HealthLifestyle

Pain, temperature, and the sense of the body

Introduction

One of the most common reasons an individual seeks the advice of a physician is because he or she is in pain. The pain was called by Sherrington, “the physical adjunct of an imperative protective reflex.” Painful stimuli generally initiate potent withdrawal and avoidance responses.

Nociceptors & thermo receptors

Pain and temperature sensations arise from unmyelinated dendrites of sensory neurons located around hair follicles throughout the glabrous and hairy skin as well as deep tissue. Impulses from nociceptors (pain) are transmitted via two fiber types. One system comprises thinly militated Aδ fibers (2–5 μm in diameter) which conduct at rates of 12–30 m/s.

Classification of pain

For scientific and clinical purposes, pain is defined by the International Association for the Study of Pain (IASP) as, “an unpleasant sensory and emotional experience associated with actual or potential tissue damage, or described in terms of such damage.” This is to be distinguished from the term nociception which the IASP defines as the unconscious activity induced by a harmful stimulus applied to sense receptors.

Pain is sometimes classified as fast and slow pain. A painful stimulus causes a “bright,” sharp, localized sensation (fast pain) followed by a dull, intense, diffuse, and unpleasant feeling (slow pain).

Deep pain

The main difference between superficial and deep sensibility is the different nature of the pain evoked by noxious stimuli. This is probably due to a relative deficiency of Aδ nerve fibers in deep structures, so there is little rapid, bright pain. In addition, deep pain and visceral pain are poorly localized, nauseating, and frequently associated with sweating and changes in blood pressure. Pain can be elicited experimentally from the periosteal and ligaments by injecting hypertonic saline into them. The pain produced in this fashion initiates reflex contraction of nearby skeletal muscles. This reflex contraction is similar to the muscle spasm associated with injuries to bones, tendons, and joints.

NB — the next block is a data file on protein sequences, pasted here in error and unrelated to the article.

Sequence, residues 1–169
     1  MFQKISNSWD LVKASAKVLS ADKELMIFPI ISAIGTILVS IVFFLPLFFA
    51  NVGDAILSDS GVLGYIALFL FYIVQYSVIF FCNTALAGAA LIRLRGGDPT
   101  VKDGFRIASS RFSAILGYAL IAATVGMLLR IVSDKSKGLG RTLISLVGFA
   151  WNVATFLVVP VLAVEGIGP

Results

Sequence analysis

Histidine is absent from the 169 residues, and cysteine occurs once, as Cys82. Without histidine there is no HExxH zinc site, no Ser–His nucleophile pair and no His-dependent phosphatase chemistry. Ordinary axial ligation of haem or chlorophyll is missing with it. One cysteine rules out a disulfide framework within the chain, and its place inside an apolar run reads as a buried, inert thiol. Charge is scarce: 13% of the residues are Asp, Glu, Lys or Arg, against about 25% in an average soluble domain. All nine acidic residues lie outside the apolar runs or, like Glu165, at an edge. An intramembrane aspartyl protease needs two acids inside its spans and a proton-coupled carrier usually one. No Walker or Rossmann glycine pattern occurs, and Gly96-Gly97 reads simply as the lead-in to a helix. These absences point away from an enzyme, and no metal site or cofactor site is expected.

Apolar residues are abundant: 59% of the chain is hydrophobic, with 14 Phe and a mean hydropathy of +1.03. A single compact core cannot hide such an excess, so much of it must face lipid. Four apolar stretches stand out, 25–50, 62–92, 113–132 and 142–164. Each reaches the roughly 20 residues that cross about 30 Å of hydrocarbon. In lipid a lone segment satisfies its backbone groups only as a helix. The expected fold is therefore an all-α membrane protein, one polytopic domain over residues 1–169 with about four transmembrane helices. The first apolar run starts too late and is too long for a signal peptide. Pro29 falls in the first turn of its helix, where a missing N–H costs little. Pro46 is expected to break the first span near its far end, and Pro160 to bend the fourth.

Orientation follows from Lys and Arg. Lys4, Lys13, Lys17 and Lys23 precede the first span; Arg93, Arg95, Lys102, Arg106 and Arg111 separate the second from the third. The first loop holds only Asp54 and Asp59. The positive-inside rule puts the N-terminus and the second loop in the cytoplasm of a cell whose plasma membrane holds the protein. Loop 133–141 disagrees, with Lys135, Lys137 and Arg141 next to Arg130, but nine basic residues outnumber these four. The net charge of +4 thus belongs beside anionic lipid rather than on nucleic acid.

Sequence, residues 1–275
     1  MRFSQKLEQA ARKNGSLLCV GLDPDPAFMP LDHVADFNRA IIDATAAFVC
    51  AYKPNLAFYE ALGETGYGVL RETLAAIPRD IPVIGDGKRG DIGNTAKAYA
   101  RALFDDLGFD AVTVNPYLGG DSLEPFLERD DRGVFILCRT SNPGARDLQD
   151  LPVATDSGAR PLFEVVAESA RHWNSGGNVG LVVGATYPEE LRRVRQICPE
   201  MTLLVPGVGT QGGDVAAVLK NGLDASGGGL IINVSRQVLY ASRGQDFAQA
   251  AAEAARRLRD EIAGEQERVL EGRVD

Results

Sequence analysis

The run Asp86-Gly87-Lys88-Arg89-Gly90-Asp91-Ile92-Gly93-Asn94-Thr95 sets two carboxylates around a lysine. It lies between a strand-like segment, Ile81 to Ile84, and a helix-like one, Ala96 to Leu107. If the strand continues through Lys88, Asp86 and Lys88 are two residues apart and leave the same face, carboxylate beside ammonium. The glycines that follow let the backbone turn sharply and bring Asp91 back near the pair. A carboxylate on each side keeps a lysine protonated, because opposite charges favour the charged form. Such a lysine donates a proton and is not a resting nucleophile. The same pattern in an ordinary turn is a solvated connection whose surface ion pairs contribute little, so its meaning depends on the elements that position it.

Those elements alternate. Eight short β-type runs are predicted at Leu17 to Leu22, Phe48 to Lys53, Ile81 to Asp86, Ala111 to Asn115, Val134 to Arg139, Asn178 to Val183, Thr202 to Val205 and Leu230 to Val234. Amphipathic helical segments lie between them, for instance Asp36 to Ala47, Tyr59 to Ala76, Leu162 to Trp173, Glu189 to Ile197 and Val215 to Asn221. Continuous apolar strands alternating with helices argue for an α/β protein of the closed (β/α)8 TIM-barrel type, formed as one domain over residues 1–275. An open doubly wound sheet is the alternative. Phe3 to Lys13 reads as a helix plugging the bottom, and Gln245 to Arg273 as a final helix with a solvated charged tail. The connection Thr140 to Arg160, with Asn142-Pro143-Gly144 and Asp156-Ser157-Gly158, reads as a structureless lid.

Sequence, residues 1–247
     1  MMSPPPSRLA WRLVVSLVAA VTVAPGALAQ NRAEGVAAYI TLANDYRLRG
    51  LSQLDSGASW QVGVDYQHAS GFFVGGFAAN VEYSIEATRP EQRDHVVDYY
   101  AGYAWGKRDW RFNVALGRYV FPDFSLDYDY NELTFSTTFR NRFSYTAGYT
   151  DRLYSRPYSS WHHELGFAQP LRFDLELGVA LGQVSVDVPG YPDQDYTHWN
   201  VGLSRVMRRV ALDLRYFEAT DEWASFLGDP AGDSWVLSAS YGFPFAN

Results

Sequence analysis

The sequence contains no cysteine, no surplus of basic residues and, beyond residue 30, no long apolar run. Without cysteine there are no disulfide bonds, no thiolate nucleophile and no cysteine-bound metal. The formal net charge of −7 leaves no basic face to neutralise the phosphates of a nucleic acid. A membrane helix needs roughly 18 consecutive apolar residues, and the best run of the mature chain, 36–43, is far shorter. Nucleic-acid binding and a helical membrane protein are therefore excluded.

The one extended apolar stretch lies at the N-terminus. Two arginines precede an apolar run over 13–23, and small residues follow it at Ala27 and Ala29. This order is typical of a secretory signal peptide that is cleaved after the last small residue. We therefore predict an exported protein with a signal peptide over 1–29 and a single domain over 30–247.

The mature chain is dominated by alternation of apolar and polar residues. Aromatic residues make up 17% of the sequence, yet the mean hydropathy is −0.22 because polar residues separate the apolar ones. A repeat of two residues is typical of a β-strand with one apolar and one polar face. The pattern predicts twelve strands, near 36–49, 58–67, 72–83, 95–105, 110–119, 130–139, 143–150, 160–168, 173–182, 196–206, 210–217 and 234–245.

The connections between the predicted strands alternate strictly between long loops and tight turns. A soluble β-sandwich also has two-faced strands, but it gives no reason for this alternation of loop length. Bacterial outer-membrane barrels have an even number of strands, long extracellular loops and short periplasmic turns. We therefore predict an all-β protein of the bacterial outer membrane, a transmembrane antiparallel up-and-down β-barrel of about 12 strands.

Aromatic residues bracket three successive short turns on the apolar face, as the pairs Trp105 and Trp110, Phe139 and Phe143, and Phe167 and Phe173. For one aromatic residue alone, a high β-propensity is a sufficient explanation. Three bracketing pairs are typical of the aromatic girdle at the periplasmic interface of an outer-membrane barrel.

Referred pain

Irritation of a visceral organ frequently produces pain that is felt not at that site but in some somatic structure that may be a considerable distance away. Such pain is said to be referred to as the somatic structure. Obviously, knowledge of referred pain and the common sites of pain referral from each of the viscera is of great importance to the physician. Perhaps the best-known example is the referral of cardiac pain to the inner aspect of the left arm.

Other examples include pain in the tip of the shoulder caused by irritation of the central portion of the diaphragm and pain in the testicle due to distention of the ureter. Additional instances abound in the practices of medicine, surgery, and dentistry. However, sites of reference are not stereotyped, and unusual reference sites occur with considerable frequency. Cardiac pain, for instance, may be referred to the right arm, the abdominal region, or even the back and neck.

Summary

Pain impulses are transmitted via lightly myelinated Aδ and unmyelinated C fibers. Cold receptors are on dendritic endings of Aδ fibers and C fibers, whereas heat receptors are on C fibers.

Pain is an unpleasant sensory and emotional experience associated with actual or potential tissue damage, or described in terms of such damage, whereas nociception is the unconscious activity induced by a harmful stimulus applied to sense receptors.

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